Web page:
By Andrew Hammond – Analysis
DUBAI | Thu Nov 26, 2009 9:29pm EST
(Reuters) – Dubai’s debt troubles have exposed the fallacy of its once much-vaunted “model” of raising shining cities in the desert with foreign residents, finance and labor.
They have also set in train a power shift toward Abu Dhabi. Continue reading Abu Dhabi ascendant as debt spoils Dubai’s “model”
Reading Lohaidan in Riyadh: Media and the struggle for judicial power in Saudi Arabia
Arab Media & Society, Issue 7, Winter 2009, http://www.arabmediasociety.com/?article=702
Along with a reported one in seven viewers across the Arab World, Saudis were glued to their television sets during 2008 watching a Turkish soap opera called Noor. The show was dubbed into Levantine Arabic and broadcast three times daily during Ramadan by MBC, a pan-Arab satellite network owned by Walid al-Ibrahim, a brother-in-law of the late Saudi king Fahd bin Abdelaziz Al Saud. Starring an economically independent, unveiled female lead and her tender Casanova of a husband, Noor was so popular that it spurred a large number of Gulf Arab tourists to visit Turkey, including the Saudi first lady Princess Hissa Al-Shaalan, and its blonde and blue-eyed star Kivanc Tatlitu became a heart-throb for Saudi and other women. The drama had a particular grip on the public because, unusually, it was dubbed into colloquial rather than classical Arabic, and its Turkish milieu had a familiarity for Arab audiences that other foreign soaps lack. Continue reading Saudi judicial reform, 2009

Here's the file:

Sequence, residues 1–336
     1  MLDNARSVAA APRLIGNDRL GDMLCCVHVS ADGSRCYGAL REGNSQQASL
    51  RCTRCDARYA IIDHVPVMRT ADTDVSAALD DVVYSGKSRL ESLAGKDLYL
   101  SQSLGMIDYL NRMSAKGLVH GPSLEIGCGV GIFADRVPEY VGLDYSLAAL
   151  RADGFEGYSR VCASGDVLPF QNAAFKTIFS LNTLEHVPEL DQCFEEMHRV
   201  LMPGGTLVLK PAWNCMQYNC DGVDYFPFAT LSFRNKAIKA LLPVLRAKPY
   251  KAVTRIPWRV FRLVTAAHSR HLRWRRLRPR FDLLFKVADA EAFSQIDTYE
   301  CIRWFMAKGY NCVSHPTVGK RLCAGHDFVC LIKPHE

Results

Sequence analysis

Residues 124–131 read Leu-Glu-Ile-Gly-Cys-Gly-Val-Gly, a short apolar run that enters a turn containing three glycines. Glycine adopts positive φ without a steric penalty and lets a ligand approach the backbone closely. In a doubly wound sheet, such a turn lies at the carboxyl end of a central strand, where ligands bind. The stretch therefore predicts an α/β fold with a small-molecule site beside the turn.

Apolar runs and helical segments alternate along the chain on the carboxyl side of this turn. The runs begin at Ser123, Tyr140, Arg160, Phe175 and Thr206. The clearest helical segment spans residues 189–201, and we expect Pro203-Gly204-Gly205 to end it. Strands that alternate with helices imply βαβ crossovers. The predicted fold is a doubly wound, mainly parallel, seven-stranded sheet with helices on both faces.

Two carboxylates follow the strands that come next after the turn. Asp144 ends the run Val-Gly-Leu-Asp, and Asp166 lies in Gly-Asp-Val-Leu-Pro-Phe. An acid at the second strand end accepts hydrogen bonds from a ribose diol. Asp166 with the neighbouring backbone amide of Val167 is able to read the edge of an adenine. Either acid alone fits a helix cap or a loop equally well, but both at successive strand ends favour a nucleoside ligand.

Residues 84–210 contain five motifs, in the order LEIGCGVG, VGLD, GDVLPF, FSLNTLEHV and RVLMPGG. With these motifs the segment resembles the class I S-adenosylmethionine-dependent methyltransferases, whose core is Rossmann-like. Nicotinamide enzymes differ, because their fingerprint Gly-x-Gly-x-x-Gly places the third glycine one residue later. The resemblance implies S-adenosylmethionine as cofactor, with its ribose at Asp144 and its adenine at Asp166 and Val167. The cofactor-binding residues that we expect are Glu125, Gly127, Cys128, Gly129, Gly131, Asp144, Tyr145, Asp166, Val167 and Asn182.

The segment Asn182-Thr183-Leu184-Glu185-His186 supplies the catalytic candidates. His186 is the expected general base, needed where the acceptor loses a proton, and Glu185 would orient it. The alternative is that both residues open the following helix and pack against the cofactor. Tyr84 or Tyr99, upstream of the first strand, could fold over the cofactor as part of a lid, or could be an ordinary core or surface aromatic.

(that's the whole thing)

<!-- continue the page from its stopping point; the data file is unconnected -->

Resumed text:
“Liberal enclaves: A royal attempt to bypass clerical power”, in The Kingdom of Saudi Arabia, 1979-2009: Evolution of a Pivotal State, published by The Middle East Institute in Washington DC in Oct 2009.
Liberal enclaves: A royal attempt to bypass clerical power
Within the first months of Abdullah’s term as king, the Saudi government pursued a number of policies to improve the kingdom’s economic profile. Saudi Arabia became a member of the World Trade Organisation, the limits were raised on foreign stakes in sectors such as banking, telecoms services, wholesale, retail and franchising. These reforms were intended to answer economic priorities of diversifying from dependence on oil revenues, finding jobs for young Saudis and opening up foreign investment. But they had another function too, one that was more transparent in a centrepiece of the early period of Abdullah’s reign: the establishment of “economic cities” where, freed from the influence of the Wahhabi clerics, Saudis would live, work and study as productive members of a modern economy. Continue reading Saudi Arabia’s ‘liberal enclaves’
Saudi Arabia’s Media Empire: keeping the masses at home
Arab Media & Society, Issue 3, Fall 2007, http://www.arabmediasociety.com/?article=420